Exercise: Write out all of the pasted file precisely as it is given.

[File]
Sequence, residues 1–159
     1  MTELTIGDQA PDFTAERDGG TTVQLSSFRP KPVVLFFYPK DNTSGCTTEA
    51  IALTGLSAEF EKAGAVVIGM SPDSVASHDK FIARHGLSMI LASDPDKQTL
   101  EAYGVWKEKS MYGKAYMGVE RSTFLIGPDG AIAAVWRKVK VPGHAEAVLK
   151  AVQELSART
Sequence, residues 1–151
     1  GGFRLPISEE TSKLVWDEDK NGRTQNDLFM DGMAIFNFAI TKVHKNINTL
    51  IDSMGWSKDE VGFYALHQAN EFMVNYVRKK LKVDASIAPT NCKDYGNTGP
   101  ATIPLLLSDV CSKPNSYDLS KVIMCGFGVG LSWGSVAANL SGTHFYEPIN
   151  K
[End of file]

Sequence, residues 1–159
     1  MTELTIGDQA PDFTAERDGG TTVQLSSFRP KPVVLFFYPK DNTSGCTTEA
    51  IALTGLSAEF EKAGAVVIGM SPDSVASHDK FIARHGLSMI LASDPDKQTL
   101  EAYGVWKEKS MYGKAYMGVE RSTFLIGPDG AIAAVWRKVK VPGHAEAVLK
   151  AVQELSART
Sequence, residues 1–151
     1  GGFRLPISEE TSKLVWDEDK NGRTQNDLFM DGMAIFNFAI TKVHKNINTL
    51  IDSMGWSKDE VGFYALHQAN EFMVNYVRKK LKVDASIAPT NCKDYGNTGP
   101  ATIPLLLSDV CSKPNSYDLS KVIMCGFGVG LSWGSVAANL SGTHFYEPIN
   151  K